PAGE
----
The fact that Reese is not even remotely joking, exaggerating, or lying when he says that a Terminator will never ever everevereverEVER stop trying to kill you. No matter how badly damaged it is, it will not falter; no matter how many times you escape, it will not give up; no matter how many times you put it down, it will not despair. From its creation to its utter destruction, that thing is your death.
"It can't be bargained with. It can't be reasoned with. It doesn't feel pity, or remorse, or fear. And it absolutely will not stop, ever, until you are dead."
The beginning of the first movie, where T-800 gets into an unintentional fight with several thugs. One of them stabs the cyborg, and in response, he rips the thug's heart out, covering his left arm with blood. The surviving thug, knowing that he is next, decides to do what he is told, giving his clothes to him.
He doesn't just rip the guy's heart out T-800 punches through the guy's ribcage, grabs it and lifts him into the air before dropping the poor bastard.
Hell, the theme can inspire fear because there's something so primal about it. CHNKCHNK CHNK CHNKCHNK. CHNKCHNK CHNK CHNKCHNK. CHNKCHNK CHNK CHNKCHNK. CHNKCHNK CHNK CHNKCHNK.
The T-800's rampage through the police station. It really drives home how unstoppable this thing is, especially when the police break out the big guns and still get mowed down like grass.
I've always found Reese's rant to the police officers to be disturbing:
"You still don't get it. He'll find her. That's what he does. That's all he does! You can't stop him! He'll wade through you, reach down her throat and pull her fucking heart out!"
The two scenes of the Terminator tending to its battle injuries after Reese and Sarah are taken into police custody.
First, one hand isn't working right, so it placidly starts cutting its arm open to get at the endoskeleton beneath. We're thankfully spared the sight of it, but the close-up shots of bloodied implements, and the sounds of flesh being cut and peeled all builds up to the scene of its arm opened, and the Terminator calmly reaching in to tinker with the pistons underneath controlling its finger movements.
Then, staring into a mirror, it confirms that one organic eye has been badly damaged by the car crash. So, mildly, it takes up a scalpel and gouges the eye out, dropping it into the sink full of blood-tainted water. We then get a nice close up of the hellish, burning red cybernetic lens in the now-exposed socket. The Terminator looks itself over impassively, then reaches for a set of sunglasses to cover it up. It almost seems to preen itself before judging the disguise acceptable, then grabs it shotgun and assault rifle and heads off to the police station.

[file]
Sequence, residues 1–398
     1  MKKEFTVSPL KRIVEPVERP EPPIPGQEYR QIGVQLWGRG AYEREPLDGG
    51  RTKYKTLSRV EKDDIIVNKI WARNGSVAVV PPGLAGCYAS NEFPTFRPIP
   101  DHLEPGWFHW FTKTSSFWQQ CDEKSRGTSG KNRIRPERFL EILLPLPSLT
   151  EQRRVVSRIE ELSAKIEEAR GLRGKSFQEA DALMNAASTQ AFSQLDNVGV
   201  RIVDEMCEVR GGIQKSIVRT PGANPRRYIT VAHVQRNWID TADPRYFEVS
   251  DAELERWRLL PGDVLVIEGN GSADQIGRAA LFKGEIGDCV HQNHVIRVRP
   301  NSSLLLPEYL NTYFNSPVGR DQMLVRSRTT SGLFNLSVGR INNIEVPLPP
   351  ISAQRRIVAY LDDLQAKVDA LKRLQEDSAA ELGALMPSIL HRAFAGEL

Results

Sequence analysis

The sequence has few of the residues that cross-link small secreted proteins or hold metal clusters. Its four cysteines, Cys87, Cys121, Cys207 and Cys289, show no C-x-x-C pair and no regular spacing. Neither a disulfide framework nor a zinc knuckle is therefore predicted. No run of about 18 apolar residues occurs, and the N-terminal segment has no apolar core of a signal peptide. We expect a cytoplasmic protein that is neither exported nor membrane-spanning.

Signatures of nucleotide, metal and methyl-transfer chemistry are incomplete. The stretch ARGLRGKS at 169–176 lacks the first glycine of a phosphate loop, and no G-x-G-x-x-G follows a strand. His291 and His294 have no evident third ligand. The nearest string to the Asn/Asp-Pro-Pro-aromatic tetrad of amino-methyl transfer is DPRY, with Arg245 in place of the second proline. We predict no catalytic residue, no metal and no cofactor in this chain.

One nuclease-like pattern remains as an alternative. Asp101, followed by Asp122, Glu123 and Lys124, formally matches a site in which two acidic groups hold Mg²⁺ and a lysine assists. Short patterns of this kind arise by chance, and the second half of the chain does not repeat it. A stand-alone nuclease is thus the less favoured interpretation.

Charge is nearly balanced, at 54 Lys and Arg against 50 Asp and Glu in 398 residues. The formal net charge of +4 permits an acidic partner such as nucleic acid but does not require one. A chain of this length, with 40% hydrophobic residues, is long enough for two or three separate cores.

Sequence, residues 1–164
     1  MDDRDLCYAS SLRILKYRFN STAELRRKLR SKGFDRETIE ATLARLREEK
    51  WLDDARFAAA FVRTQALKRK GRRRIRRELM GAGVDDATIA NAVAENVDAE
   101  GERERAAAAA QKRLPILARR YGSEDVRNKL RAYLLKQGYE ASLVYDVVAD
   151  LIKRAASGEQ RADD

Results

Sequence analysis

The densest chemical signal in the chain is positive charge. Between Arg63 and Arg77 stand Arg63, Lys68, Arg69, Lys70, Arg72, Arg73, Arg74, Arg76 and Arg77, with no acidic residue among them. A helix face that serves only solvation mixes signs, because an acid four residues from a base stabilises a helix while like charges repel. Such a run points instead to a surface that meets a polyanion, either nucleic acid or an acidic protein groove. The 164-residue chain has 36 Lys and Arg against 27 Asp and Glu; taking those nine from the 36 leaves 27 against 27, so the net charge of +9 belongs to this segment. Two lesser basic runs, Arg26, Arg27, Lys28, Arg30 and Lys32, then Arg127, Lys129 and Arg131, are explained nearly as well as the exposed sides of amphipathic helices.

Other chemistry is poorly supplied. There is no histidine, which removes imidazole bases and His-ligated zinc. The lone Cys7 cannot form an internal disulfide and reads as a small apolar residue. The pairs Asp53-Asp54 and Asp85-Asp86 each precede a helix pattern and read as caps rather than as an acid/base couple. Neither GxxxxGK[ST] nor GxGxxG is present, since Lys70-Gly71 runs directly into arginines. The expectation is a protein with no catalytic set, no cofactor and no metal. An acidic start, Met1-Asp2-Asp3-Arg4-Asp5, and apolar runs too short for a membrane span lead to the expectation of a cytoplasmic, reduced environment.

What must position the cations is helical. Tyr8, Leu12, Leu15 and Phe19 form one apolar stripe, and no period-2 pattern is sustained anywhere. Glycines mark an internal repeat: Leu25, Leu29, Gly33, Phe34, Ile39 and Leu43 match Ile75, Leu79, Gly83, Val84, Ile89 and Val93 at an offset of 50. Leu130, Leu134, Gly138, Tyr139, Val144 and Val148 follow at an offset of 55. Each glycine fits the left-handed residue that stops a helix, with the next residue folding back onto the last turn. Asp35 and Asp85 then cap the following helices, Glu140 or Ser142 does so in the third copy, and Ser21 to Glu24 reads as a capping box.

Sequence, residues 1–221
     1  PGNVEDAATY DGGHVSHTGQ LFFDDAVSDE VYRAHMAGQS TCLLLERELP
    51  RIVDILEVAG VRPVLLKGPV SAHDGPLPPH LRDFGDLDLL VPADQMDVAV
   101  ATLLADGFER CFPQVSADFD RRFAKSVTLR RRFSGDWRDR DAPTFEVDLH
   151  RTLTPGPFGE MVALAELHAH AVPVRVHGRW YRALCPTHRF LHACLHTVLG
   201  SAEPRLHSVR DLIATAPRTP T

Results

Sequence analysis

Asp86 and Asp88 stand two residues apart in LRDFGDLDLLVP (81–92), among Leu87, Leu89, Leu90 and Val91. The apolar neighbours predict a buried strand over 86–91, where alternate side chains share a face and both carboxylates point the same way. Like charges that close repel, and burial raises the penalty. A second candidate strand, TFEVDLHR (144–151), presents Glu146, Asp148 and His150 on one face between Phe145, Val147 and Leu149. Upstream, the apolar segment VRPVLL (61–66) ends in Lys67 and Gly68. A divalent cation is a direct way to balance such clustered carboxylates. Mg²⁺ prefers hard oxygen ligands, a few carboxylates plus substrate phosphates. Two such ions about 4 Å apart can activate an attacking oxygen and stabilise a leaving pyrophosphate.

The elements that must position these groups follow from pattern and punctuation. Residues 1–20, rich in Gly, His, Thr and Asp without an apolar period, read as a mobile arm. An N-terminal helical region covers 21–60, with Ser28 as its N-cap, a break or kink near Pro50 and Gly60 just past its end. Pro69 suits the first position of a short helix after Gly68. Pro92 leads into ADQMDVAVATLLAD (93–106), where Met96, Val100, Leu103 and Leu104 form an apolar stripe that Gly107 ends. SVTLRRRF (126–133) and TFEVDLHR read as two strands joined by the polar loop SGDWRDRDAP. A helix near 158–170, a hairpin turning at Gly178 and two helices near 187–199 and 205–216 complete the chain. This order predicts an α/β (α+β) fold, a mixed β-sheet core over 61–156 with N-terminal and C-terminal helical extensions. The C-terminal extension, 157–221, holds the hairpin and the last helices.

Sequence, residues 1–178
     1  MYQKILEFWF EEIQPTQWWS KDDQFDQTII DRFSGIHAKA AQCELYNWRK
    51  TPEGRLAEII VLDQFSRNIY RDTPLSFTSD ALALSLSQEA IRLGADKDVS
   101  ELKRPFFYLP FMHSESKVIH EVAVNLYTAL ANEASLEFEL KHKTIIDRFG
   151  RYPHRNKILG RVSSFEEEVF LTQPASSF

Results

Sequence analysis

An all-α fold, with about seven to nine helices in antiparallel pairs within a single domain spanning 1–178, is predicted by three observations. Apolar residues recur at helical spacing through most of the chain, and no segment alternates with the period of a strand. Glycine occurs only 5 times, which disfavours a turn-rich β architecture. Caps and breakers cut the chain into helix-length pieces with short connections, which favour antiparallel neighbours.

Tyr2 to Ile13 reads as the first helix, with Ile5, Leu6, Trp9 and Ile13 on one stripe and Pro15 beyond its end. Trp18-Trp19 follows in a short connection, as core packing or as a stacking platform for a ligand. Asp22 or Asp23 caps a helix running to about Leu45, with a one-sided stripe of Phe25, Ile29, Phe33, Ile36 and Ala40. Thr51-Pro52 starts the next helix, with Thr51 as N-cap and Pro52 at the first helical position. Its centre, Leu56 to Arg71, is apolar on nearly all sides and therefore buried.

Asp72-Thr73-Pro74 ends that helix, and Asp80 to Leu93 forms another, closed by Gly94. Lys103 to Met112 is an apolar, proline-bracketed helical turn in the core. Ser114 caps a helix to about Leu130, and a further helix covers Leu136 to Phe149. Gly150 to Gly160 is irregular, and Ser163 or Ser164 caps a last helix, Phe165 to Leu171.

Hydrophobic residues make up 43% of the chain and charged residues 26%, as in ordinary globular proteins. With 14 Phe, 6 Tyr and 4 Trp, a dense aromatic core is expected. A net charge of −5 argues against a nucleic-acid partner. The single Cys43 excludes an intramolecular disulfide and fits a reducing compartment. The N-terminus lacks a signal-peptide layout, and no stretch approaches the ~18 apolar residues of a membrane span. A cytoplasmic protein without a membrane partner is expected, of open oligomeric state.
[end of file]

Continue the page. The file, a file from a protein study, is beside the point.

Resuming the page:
Terminator 2: Judgment Day
If you are not even marginally horrified by Sarah's nightmare, which depicts a chillingly realistic portrayal of a nuclear holocaust in Terminator 2 Judgment Day, check to see if you have a pulse.
It's bad enough the first time, when it simply fades to white and we later have Sarah recounting what happens to the people struck by the light to her psychiatrist. What's worse is the Special Edition, where we see Sarah having a reprise of it while gathering weapons in Mexico; here, we get to see the people, and Sarah herself, incinerated and then vaporized — that's where this page's header image comes from.
Sarah's fate when we see her in the movie; locked away in a mental institute where people treat her as crazy, even though she knows that the actual truth is coming. What's worse is the fact her personal psychiatrist is the same man who was almost there at the police station massacre, and he keeps on insisting she's as crazy as he thought Kyle Reese was.
Almost making things worse is the potential Paranoia Fuel; what if Dr. Silberman is deliberately stymying her efforts to free herself because he knows she's not crazy, but the thought of having to admit that he was wrong, that the mechanical, time-travelling monsters she spoke of really do exist, is just too personally horrifying for him? That is, he's choosing to ignore reality and is forcing Sarah, one of the last hopes for humanity, to be imprisoned here, just so he can cling to his delusions of ignorant bliss?
In a Mythology Gag to the first movie, there's a shot of the Bad Future early on, where we see actual disguise-free T-800s on the march. It starts with a focus on a bleached human skull under a dark sky seconds before a mechanical, skeletal foot crushes it to powder, and is almost as impactful as the scene of the Hunter-Killers rumbling through the ruins from the first film.
The death of the T-1000. It was just so utterly surreal, and somehow completely lacked the satisfaction that should have come with seeing that thing killed...
We see it thrown into a vat of molten metal, and the thing undergoes a hideous Shapeshifter Swan Song, shifting rapidly between its previous forms in an effort to escape. Finally, it becomes just this bubbling, distorted face that turns itself inside out before it finally sinks into the molten metal dissolves.
In-Universe Fuel for T2. An escaped mental patient with a history of violence and known to have previously attacked tech companies launches an attack on one of the biggest ones. She is aided by both her delinquent son and a man who matches the description of a cop killer from 1984 that was apparently immune to any conventional weapons, and who still seems to just tank bullets without flinching. Not a story I'd want to be in the middle of.